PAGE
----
The White House
It must be hard for former presidential couples to adjust to life after the White House. After four or more years, they probably get used to never having to take out the trash, wash dishes or change a light bulb, not to mention the other amenities afforded to arguably the most powerful people in the Western world. Perhaps that's why some have stuck around after their terms -- and lives -- ended. That's right: 1600 Pennsylvania Ave. is not only the most famous address in the United States, but also one of the most haunted.
John and Abigail Adams were the first presidential couple to live in the White House, taking residence in 1800, and Abigail has lingered ever since. Her ghost is said to hang laundry in the East Room on occasion [source: McLaughlin]. Another first lady, Dolley Madison, has reportedly been quite territorial with White House renovations. During her husband's term, Dolley oversaw the landscaping of the Rose Garden, where presidents often meet with the media. When President Woodrow Wilson's wife tried to have the garden dug up, the story goes that Dolley's ghost appeared and instructed the workers not to tear up her beloved garden [source: Scott and Norman].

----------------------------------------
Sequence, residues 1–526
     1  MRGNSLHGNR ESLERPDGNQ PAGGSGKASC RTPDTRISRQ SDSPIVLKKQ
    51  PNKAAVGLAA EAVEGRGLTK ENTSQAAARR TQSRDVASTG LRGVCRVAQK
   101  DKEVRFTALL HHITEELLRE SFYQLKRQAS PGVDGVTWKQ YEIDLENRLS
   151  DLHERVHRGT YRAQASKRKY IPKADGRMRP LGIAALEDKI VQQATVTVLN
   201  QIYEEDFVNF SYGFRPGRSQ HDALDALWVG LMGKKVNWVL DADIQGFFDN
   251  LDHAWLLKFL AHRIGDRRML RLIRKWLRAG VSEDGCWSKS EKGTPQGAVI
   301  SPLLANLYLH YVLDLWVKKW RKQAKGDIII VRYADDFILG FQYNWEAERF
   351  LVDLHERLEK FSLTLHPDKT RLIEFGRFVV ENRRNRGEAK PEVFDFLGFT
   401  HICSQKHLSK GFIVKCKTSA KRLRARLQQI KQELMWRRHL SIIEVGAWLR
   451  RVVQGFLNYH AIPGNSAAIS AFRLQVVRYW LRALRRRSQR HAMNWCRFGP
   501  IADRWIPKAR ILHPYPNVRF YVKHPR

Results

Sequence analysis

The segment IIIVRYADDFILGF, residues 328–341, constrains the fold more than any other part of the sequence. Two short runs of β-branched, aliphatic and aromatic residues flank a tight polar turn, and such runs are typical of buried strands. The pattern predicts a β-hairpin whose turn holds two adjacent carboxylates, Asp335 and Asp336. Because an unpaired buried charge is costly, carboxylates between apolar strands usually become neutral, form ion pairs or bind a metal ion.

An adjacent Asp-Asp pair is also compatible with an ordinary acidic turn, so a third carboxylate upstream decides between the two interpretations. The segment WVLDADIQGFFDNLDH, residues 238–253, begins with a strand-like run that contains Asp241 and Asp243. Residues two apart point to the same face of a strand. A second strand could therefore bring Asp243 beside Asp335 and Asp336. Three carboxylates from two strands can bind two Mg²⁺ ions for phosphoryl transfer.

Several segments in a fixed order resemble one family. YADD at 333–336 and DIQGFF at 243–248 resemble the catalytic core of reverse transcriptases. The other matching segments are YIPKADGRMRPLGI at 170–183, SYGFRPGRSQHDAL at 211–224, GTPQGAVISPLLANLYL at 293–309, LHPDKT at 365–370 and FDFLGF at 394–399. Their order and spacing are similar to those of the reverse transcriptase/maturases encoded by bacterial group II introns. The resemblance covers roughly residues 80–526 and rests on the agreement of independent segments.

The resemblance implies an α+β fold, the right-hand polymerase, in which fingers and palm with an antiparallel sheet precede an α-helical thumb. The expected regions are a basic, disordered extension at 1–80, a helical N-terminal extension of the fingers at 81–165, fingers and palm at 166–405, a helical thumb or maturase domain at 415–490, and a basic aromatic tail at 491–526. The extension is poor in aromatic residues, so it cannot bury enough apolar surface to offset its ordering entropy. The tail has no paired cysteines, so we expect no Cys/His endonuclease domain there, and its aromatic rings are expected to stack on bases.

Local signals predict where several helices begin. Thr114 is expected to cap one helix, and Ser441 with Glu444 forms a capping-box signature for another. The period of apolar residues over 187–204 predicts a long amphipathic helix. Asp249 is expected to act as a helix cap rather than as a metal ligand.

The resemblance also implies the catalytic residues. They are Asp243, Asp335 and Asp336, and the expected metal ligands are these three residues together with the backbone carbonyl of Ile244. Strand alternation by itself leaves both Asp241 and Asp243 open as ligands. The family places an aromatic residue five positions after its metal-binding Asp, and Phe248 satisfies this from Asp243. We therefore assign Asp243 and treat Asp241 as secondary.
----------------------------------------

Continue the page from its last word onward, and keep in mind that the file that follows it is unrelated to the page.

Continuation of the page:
Going along with a rose theme, the Queen's Bedroom, which was once called the Rose Room, is known as a paranormal hotspot in the White House [source: Scott and Norman]. It not only houses the bed of President Andrew Jackson but his ghost as well -- people say they've heard it walking around the room. Jackson's ghost is rumored to hang out in the Red Room as well. People have seen Abraham Lincoln's ghost ambling down the halls and staring out of windows. He pays visits to the Lincoln bedroom at times as well.
Don't believe us? The White House Web site, during George W. Bush's presidency, once had a page devoted to its ghost sightings, spotted by notable residents like Eleanor Roosevelt and Jimmy Carter's daughter.